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I have an app that was built on Xcode 4.6 and iOS 6. I am now upgrading it to iOS 7 using XCode 5.

I have this code that worked perfectly on iOS 6. What it does it bring a popup with UITextField in it. User can enter whatever text they want and hit OK. I take their text and put it in a UILabel.

The problem I have is that in iOS 7 when I bring up this pop-up text box, its not editable. Touching it doesn't do anything. How come?

Here is the code and screenshot

// ************ 
// ENTER TEXT
// ************

-(IBAction)insertText 
{
    UIAlertView* dialog = [[UIAlertView alloc] initWithTitle:@"Enter Text \n"
                                                     message:@"\n\n Keep it short and sweet"   
                                                    delegate:self 
                                           cancelButtonTitle:@"Cancel"
                                           otherButtonTitles:@"OK", nil];

    nameField = [[UITextField alloc] initWithFrame:CGRectMake(20.0, 45.0, 245.0, 25.0)];
    [nameField setBackgroundColor:[UIColor whiteColor]];
    [dialog addSubview:nameField];
    [dialog show];
}

enter image description here

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For future reference - stackoverflow.com/questions/6319417/… –  Sam B Sep 26 '13 at 17:37

1 Answer 1

up vote 2 down vote accepted

Use the provided API instead this hack. Instead of adding your own text field (which was never actually supported), set the alert view's alertViewStyle to UIAlertViewStylePlainTextInput. This will give you a supported text entry field in the alert view.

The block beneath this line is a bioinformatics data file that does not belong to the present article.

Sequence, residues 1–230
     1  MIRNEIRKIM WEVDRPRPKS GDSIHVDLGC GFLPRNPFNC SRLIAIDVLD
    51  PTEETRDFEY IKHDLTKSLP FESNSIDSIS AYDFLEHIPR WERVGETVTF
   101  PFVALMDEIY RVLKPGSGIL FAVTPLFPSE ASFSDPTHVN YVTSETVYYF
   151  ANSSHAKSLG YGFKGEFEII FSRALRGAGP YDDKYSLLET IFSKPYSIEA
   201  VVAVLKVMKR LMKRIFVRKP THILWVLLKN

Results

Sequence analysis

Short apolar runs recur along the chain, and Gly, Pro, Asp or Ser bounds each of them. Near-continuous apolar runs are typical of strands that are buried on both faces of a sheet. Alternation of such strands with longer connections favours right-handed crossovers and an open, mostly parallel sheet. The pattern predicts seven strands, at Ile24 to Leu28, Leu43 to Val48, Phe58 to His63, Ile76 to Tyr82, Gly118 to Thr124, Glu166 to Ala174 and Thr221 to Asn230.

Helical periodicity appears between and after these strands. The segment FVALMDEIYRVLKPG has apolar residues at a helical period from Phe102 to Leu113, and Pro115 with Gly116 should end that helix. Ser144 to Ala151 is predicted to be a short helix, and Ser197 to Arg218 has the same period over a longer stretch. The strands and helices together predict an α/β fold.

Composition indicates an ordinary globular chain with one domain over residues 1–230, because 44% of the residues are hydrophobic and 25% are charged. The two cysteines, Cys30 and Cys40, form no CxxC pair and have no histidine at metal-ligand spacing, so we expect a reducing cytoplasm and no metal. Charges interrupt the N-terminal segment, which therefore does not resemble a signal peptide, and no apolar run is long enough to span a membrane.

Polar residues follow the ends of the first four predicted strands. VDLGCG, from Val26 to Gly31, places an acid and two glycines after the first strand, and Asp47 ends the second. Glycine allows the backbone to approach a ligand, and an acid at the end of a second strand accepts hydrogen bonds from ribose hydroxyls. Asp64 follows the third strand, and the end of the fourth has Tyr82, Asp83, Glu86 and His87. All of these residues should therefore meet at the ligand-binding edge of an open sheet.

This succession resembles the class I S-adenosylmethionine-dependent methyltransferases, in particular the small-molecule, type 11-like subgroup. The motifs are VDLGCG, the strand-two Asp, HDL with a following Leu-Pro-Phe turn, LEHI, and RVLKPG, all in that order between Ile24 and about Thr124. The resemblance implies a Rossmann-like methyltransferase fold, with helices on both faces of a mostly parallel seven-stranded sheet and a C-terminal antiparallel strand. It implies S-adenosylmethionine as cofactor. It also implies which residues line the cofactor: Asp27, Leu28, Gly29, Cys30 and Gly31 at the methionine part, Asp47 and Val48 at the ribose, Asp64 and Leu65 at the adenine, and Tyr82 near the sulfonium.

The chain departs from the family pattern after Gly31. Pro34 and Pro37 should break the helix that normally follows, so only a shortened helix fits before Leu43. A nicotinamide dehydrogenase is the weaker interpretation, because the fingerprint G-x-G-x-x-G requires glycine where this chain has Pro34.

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2  
To complete this answer: The hack isn't working because iOS 7 does not support adding subviews to UIAlertView. But iOS 6 did. –  Jörg Kirchhof Sep 26 '13 at 17:44
    
UIAlertView never supported subviews. It just happen to work in earlier versions of iOS. There is a difference. –  rmaddy Sep 26 '13 at 17:50
1  
UIAlertView inherits from UIView. UIView supports addSubview:. So UIAlertView supports addSubview: as long as it doesn't prevent you from using it. Of course it wasn't officially supported (meaning documented by Apple), but it was supported. –  Jörg Kirchhof Sep 26 '13 at 18:10
    
Just because it is based on UIView doesn't mean you are supposed to add subviews. Most of the standard UI components provided by Apple are not supposed to have subviews added to them and you should never rely on the subview structure. These things change. Stick to the API provided and you avoid problems like this question. –  rmaddy Sep 26 '13 at 18:13
1  
You're can never completely avoid changing your code when a new iOS version comes out - even if you stick to the API. Remember iOS 6 when we all had to change the way we implement display rotation? We all sticked to the API and Apple changed it. I never said it was a good idea to completely change the look of Apple provided views, but it isn't forbidden until it works technically. –  Jörg Kirchhof Sep 26 '13 at 18:19

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